gravity of the silver you’re casting into, 1/2 is the volume of the
piece, and x is the weight of the piece once cast — so in this
example, x grams. in reality, you’re going to know the weight of your
model, the specific gravity of your model’s material, ad then you’re
going to solve for its volume and plug in the result. hope this
helps!

Put the model into a glass and fill it to the brim with water. Take
out the model with a pair of tweezers. Put in casting grain or scrap
so that the water reaches the same level. Add enough for the sprue.
If you are in doubt add a sprue from a successful casting to the
model in the first step.

Quick and dirty… Since you did not specify if you wanted the
volume or weight of the metal for casting…

attach a pencil to the object (Call it your Sprue)

fill a glass to the rim with water (and leave the glass in the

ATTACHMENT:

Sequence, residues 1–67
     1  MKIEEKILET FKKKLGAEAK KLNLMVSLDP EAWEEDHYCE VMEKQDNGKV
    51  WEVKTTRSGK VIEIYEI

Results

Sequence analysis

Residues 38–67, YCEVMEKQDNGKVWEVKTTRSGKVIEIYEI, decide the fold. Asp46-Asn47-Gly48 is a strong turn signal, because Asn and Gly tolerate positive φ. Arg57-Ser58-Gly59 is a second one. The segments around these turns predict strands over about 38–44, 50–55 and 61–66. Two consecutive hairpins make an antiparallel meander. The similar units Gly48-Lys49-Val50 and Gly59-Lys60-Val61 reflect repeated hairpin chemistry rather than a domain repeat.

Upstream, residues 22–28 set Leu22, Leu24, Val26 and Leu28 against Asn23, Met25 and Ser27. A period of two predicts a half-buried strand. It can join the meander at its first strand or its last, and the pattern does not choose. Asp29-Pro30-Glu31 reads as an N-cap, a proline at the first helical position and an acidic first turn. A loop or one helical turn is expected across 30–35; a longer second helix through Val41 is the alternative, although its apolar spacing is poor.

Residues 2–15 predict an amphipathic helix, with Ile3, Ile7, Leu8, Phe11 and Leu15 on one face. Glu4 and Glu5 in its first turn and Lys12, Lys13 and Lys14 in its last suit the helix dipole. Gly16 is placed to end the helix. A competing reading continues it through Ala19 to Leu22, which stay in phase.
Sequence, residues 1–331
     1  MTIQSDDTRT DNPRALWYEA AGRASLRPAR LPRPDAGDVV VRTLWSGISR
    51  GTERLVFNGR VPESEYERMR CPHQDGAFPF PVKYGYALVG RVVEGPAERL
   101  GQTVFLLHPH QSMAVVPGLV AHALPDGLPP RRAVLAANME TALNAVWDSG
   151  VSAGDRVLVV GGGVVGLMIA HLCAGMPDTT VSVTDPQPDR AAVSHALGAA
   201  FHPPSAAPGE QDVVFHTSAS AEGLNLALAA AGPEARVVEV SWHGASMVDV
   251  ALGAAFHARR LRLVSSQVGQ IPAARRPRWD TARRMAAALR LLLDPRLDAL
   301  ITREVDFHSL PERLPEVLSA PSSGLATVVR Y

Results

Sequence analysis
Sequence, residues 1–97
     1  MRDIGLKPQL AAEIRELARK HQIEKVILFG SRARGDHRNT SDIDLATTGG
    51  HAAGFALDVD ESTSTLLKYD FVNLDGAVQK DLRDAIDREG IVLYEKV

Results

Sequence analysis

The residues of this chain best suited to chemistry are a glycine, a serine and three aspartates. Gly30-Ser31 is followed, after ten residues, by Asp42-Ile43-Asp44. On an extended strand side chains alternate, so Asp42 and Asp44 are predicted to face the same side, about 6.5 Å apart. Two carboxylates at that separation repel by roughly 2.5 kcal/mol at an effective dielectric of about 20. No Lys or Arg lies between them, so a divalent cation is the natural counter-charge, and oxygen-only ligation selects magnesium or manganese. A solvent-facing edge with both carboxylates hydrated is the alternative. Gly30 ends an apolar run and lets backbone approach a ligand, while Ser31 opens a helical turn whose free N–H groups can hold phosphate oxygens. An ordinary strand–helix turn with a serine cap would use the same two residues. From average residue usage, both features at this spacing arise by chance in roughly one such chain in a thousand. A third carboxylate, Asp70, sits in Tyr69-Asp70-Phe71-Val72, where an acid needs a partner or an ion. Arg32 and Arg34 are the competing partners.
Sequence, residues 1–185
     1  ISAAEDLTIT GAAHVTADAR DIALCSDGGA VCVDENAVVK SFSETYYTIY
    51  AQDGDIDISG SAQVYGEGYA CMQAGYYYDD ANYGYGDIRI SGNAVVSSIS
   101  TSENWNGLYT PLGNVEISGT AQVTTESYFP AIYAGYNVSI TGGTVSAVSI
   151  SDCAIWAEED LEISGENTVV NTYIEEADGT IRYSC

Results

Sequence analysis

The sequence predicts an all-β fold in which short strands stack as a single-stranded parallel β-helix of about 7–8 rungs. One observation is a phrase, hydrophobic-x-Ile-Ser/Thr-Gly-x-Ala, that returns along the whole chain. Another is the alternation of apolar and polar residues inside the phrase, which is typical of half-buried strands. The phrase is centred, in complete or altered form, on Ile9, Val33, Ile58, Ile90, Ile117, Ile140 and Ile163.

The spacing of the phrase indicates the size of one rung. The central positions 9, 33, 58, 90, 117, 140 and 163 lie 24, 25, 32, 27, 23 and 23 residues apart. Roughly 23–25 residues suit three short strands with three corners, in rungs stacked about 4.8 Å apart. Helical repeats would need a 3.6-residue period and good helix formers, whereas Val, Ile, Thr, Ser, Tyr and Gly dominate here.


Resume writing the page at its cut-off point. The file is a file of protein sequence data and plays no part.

sink as you will spill water)

Using the pencil push the object down into the water to about the
same depth it will be in the clay.

Assuming you have the metal that you will be using for the cast, add
it to the glass until the water is back up to the rim, add a bit more
for the button and you have the amount of metal needed.

If you are doing it so that you know how much casting grain to buy,
use a syringe so that you can keep track of the volume of water you
added and add water until the glass is full, this is equal to the
volume of the metal. Look up the specific gravity on line and do the
calculation to have the weight of the metal (pure water Specific
Gravity =1)

calculate the amount of metal needed when casting from wooden,